Academic journal article Journal of Pan African Studies

Towards a Pan-African Vision: The Current State of Affairs in Somalia

Academic journal article Journal of Pan African Studies

Towards a Pan-African Vision: The Current State of Affairs in Somalia

Article excerpt

Introduction

The term Pan-Africanism has taken on a life of its own. From a disciplinary stance, PanAfricanism has been written about in a wide array of academic disciplines, including political science, history, sociology, cultural studies, and African studies. What is astonishing in my view is that the social/political idea of Pan-Africanism has been attributed to the failure of the African continent to resolve any of the standing challenges throughout Africa. Moreover, the very idea of Pan-Africanism signifies, to some people, an outdated idea that cannot succeed. For me, the idea of Pan-Africanism is born out of the everyday anticolonial struggles of the African people, wherever they reside. It is a vision to restore all that is thought to be lost, and to hold on to key ideas which encompass the African creed. It is the living quest to restore the dignity of the African, move succinctly towards the unity of African peoples, and to exercise selfdetermination. Moreover, it is central to decolonization as a process which leads to emancipation and freedom. When I think of Pan-Africanism, I'm drawn, first, to the issue of land in Africa. To draw on the words of Frantz Fanon (1967) from the Wretched of the Earth,

For a colonized people, the most essential value, because it is the most meaningful, is first and foremost the land: the land, which must provide bread and, naturally, dignity.... The colonized subject has never heard of such an ideal. All he has ever seen on his land is that he can be arrested, beaten, and starved with impunity (p.9).

The colonial powers have enslaved millions of African people, and have carved out the Continent to dominate the social, political, and economic affairs in Africa. Nugget We Thing's (1986) in his works decolonizing the Mind: The Politics of Language in African Literature eloquently captures this sentiment when he explains:

   The contention started a hundred years ago when in 1884 the
   capitalist powers of Europe sat in Berlin and carved an entire
   continent with a multiplicity of peoples, culture, and languages
   into different colonies. It seems it is the fate of Africa to have
   her destiny always decided around the conference tables in the
   metropolises of the western world (p.4).

In strong agreement of Thiong'o's articulation, the idea and the movement of Pan-Africanism emerged in response to colonization. The writer of Remembering the Dismembered Continent, Ayi Kewu Armah (2010) goes even further with his analysis explaining:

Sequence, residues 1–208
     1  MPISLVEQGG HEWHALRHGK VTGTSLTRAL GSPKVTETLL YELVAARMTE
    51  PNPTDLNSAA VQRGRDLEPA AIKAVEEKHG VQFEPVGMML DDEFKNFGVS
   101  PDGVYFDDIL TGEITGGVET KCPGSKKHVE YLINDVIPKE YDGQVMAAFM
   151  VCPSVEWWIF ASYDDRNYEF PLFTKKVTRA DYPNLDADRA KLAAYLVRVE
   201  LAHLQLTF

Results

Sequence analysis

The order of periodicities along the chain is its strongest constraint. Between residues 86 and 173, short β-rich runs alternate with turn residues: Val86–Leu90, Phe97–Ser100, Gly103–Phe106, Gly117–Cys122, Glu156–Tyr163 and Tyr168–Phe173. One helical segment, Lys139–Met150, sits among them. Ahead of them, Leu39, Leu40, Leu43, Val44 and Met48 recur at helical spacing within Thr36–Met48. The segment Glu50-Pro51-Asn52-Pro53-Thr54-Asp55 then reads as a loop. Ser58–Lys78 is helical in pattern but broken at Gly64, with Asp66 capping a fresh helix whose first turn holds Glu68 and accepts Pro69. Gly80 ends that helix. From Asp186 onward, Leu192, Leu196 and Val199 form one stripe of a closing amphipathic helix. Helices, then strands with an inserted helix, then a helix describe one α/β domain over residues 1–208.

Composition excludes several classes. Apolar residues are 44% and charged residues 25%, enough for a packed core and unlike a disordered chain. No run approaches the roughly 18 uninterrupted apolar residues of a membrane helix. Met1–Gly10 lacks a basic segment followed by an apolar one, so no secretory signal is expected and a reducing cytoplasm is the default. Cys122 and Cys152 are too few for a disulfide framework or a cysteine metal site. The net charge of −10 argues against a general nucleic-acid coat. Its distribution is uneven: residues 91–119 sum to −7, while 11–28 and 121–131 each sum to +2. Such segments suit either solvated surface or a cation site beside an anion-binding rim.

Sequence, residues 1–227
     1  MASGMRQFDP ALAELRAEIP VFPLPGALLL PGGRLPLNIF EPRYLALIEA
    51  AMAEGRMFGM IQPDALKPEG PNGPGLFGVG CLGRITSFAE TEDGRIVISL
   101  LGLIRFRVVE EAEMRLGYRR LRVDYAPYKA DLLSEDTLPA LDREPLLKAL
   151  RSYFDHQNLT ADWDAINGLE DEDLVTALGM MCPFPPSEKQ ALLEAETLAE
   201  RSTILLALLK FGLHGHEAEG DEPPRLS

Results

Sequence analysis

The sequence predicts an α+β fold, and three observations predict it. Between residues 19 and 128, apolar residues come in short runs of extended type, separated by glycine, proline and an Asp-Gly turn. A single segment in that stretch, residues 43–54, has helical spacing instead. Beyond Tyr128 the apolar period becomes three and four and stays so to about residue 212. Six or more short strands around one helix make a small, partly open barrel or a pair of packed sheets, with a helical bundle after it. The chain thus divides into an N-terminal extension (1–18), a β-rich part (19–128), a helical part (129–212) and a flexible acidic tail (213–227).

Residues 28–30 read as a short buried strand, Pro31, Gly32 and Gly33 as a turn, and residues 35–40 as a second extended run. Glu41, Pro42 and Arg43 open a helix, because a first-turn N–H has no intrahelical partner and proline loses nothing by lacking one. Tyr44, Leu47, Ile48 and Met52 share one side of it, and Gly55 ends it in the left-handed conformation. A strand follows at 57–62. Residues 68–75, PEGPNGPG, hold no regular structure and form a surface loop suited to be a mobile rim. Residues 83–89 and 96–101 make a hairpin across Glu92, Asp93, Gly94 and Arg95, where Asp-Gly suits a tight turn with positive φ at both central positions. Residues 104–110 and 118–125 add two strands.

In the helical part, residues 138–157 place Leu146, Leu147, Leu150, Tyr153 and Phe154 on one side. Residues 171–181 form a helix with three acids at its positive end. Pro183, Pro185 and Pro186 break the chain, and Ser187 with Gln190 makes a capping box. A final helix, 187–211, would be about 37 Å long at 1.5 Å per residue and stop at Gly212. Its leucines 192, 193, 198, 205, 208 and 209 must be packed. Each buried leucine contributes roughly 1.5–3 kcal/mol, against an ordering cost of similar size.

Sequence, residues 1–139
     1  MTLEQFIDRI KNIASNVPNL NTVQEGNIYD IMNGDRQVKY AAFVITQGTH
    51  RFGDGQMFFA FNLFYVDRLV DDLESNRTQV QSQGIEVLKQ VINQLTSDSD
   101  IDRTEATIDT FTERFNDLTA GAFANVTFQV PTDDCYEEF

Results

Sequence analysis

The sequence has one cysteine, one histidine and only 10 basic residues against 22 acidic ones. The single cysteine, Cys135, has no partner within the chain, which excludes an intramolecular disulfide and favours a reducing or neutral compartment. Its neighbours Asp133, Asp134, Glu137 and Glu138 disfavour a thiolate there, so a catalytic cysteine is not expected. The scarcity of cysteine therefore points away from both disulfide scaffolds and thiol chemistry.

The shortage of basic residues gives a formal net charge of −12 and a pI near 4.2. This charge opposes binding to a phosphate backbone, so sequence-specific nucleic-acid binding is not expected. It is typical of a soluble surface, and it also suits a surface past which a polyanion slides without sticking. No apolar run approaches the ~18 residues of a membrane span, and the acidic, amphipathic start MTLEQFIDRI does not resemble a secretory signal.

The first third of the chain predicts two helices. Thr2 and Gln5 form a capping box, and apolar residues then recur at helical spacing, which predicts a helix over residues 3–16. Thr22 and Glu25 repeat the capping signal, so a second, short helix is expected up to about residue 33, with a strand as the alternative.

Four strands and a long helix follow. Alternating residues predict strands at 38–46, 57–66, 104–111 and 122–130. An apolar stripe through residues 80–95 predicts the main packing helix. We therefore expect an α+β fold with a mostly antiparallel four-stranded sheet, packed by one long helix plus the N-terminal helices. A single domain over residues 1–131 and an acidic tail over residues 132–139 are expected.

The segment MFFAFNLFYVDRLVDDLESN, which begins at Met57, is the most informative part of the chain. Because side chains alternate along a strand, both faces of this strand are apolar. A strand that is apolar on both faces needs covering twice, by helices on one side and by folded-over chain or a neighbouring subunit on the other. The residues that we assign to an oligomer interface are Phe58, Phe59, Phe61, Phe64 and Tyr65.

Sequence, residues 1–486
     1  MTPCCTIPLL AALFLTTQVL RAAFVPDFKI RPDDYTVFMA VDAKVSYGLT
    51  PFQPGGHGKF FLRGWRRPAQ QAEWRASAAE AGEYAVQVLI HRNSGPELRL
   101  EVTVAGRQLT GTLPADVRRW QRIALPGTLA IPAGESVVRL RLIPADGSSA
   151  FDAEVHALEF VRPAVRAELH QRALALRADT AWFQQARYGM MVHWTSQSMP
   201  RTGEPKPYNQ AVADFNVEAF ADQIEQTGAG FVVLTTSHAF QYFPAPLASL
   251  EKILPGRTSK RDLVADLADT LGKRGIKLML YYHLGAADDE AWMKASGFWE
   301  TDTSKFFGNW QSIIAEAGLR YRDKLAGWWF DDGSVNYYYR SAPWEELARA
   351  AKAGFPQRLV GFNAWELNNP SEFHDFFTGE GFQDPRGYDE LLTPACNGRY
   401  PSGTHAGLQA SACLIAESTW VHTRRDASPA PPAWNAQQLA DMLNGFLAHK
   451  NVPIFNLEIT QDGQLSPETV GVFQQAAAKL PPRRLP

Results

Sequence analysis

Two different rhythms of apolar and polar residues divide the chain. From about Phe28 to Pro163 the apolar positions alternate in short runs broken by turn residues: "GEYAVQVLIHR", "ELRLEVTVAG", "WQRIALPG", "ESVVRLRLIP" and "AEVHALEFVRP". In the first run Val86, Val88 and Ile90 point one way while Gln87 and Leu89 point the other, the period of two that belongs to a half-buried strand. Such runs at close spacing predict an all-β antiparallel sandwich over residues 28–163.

We, the people of Africa, have tended to regard the continent--all
   of it--as our home; that regimes imposed by invaders from Europe
   and Arabia, ... have attempted to configure African space and time
   in ways beneficial to themselves ... [F]formalized in Berlin in
   1885, the residual fragment was further subdivided into separate
   plantation-style colonies (p.9).

The first part of the quote is instrumental in thinking of the historical genesis of the collectivist Pan-African identity. As such, the articulation of Pan-African ideology is the work of key African intellectuals and activists such as W.E.B. Du Bois, Marcus Garvey, George Padmore, Kwame Nkrumah, Julius Nyerere, and Jomo Kenyatta to name a few, as they express, collectively of what it means to be African socially, politically, and ideologically. According to W.E.B. Du Bois "the pan-African movement aimed at an intellectual understanding and cooperation among all groups of African descent in order bring about the industrial and spiritual emancipation of the Negro peoples" (Cited in Walters 1993, p.1). Therefore, we must re-think Pan-Africasims within the contemporary moment to address some of the historically rooted challenges facing African peoples. Reiland Rabaka (2010), in his work, Africana Critical Theory: The Black Radical Tradition, From W.E. B Dubois and C.L.R. James to Frantz Fanon and Amilcar Cabral, also echoes this sentiment as he examines the intellectual traditions of Black political activists. …

Search by... Author
Show... All Results Primary Sources Peer-reviewed

Oops!

An unknown error has occurred. Please click the button below to reload the page. If the problem persists, please try again in a little while.